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To start I have to say that CampusBooks.com does not support the illegal distribution of any materials but since it is currently happening in the textbook industry I feel the need to address it as a way for students to access information.  If not for the illegality, the idea makes perfect sense; a student buys a $150 book, copies all the pages and creates a PDF and then shares it with all their friends in class.

The concept of photocopying a book is nothing new.  The internet just allows the old photocopy to be scanned and shared with more people in a faster manner.  Years ago the big problem was students using university copy machines to make the copies!  At the time, the problem was not so widespread, and as long as the University made their ten cents a page they turned a blind eye.  As long as the university can still generate $20 for a 200 page textbook they didn't care so much.  But converting those copies into a PDF file eliminates the need to pay for photocopies.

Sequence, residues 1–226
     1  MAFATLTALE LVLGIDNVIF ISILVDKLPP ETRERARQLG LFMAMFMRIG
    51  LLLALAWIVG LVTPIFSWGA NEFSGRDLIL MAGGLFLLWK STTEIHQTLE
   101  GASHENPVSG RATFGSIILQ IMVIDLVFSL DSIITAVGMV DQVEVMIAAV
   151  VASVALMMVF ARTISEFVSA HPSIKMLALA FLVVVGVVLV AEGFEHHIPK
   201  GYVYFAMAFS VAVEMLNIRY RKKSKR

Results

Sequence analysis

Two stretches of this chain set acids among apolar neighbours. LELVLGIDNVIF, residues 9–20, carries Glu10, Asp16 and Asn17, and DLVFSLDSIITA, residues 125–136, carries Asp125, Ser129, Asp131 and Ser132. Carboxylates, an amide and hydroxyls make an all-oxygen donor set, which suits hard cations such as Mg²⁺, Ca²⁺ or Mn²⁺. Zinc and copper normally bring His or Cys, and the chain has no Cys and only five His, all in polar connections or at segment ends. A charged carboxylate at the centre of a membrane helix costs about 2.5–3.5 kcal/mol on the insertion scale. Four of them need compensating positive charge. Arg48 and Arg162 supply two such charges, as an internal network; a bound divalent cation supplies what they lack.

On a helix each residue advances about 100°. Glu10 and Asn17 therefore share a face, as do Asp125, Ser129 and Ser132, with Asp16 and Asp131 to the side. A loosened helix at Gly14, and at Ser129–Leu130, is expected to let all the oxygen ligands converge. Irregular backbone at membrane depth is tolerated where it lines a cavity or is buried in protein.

The prohibitive cost of photocopying a textbook that is a few hundred pages also kept the practice in check.  For thinner books this will probably suit you fine because the costs are nominal.  But if you are going to just print the book off so that you can read it you may want to give it some serious consideration as the overall cost could easily be more than simply buying that book online.  And don't forget what you are doing is illegal and could have negative consequences.

eBooks
Again, we have covered this in the past so I am just going to reference some old posts covering the topic.

Are eBooks right for me?  – Part 1
Are eBooks right for me? – Part 2

by: Jeff Cohen

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